The highest concentration of sweat glands in the human body is in the feet.
Do you really know why you are wearing socks?
Let’s go through some history.
Our ancestors used animal skin wrapped around their feet for protection from the external elements. The ancient Greeks used “Piloi” and Romans created “Udones”.
© The Trustees of The British Museum
In the medieval ages socks appear as luxurious goods, hand crafted by experts for the wealthy, who would wear them as status symbol as well as to keep warm and absorb sweat.
From the medieval age to the 1588AD, socks price starts to go down and, even if silk and cotton are still price-prohibitive for most people, thick wool starts to become affordable.
However, we need to wait until 1589AD for the invention of the flat knitting machine to reach mass production and bring the costs down. Another great benefit of this machine is the smaller diameter of the yarn that can be used, which translates to finer socks.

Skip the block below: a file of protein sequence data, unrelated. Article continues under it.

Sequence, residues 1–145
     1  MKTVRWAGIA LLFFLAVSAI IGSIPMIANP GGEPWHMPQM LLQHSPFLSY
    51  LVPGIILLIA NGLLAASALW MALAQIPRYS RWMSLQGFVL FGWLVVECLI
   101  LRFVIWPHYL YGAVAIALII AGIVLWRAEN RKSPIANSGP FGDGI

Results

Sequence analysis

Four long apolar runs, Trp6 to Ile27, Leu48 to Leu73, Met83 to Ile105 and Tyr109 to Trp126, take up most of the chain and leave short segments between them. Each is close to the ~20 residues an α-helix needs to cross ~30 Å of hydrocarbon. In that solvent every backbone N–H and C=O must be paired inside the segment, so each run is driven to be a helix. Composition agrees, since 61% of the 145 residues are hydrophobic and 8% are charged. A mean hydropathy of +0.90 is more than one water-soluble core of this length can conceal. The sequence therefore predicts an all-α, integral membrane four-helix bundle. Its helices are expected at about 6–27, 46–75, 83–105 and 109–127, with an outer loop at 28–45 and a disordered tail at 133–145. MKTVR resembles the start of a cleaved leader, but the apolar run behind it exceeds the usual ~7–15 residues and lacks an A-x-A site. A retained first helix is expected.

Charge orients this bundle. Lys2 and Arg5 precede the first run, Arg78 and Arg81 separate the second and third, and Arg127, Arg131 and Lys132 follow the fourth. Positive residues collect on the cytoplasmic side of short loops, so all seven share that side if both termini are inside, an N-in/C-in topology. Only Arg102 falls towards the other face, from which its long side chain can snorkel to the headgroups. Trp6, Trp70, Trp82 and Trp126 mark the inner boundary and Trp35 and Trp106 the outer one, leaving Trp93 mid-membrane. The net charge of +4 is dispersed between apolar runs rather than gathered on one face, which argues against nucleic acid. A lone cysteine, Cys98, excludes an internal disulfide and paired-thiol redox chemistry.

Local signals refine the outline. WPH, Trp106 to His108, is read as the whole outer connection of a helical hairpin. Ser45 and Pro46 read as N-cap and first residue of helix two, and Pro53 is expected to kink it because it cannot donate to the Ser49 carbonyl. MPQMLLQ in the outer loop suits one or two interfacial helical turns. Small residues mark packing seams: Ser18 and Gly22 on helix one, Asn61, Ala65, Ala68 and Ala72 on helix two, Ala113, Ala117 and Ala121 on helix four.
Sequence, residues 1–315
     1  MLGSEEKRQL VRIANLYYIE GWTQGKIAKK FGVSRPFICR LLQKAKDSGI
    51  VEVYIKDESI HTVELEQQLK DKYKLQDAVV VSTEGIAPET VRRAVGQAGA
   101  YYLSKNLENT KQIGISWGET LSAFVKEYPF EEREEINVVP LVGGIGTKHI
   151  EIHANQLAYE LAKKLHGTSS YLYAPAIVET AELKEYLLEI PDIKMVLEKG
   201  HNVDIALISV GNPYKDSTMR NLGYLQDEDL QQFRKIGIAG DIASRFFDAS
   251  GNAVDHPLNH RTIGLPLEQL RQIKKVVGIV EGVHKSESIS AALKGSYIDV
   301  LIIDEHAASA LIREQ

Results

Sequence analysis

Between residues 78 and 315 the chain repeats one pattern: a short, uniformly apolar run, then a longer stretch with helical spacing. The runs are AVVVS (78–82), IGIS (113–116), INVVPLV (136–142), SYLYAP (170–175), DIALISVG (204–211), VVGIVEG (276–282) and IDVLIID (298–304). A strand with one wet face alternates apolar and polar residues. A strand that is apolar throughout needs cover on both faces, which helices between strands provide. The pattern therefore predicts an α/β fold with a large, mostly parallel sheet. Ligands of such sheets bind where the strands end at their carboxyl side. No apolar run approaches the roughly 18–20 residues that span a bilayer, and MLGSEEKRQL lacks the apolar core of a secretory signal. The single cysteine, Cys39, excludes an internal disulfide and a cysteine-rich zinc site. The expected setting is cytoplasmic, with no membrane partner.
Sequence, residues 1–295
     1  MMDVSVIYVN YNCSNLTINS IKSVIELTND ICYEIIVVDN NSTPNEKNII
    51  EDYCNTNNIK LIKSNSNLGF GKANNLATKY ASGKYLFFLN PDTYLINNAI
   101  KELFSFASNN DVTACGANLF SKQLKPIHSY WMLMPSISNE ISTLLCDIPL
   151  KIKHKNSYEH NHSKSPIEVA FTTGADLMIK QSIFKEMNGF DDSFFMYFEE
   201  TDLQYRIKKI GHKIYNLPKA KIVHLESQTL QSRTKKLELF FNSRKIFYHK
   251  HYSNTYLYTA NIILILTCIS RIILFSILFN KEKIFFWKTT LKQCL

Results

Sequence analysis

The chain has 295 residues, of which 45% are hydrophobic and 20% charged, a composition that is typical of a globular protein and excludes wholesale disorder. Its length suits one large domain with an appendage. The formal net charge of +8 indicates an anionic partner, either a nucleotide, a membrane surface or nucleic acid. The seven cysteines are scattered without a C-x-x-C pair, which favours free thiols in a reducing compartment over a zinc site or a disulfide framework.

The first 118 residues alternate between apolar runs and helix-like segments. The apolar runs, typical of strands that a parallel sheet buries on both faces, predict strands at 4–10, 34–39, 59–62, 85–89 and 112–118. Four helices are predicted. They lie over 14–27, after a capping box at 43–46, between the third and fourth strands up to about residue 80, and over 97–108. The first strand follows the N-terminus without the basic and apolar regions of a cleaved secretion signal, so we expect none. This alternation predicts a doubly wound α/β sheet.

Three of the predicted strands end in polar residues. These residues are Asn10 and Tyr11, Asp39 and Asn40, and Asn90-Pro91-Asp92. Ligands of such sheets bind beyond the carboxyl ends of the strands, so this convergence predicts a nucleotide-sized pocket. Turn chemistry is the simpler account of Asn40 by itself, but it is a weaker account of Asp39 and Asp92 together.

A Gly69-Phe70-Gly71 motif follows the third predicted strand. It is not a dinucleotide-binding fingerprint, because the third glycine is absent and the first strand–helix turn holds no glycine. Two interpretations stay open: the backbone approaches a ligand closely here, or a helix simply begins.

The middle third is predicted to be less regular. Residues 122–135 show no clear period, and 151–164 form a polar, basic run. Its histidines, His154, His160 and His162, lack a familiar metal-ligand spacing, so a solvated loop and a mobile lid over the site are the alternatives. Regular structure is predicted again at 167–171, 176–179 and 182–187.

Later, on the 19th century, a circular knitting machine is invented, that produce a seamless cylindrical piece of fabric, compared to the flat knitting machine that produces a seam at the back of the sock. Obviously, it still has to be joined at the toe and heel area.
In the 20th century, nylon and other artificial materials, appear into the market, changing the sock industry as superfine socks can be produced. However, they make your feet sweat, defeating socks main purpose.
We now see continuous research and development of new techniques to create socks made with natural fibres that are finer and finer and increase comfort.
So why do we really wear socks? From the initial purpose of protecting our feet from external elements, we transitioned to using them for protecting us from an internal one: sweat.
Check for future articles where we will discuss the characteristics of superior quality socks.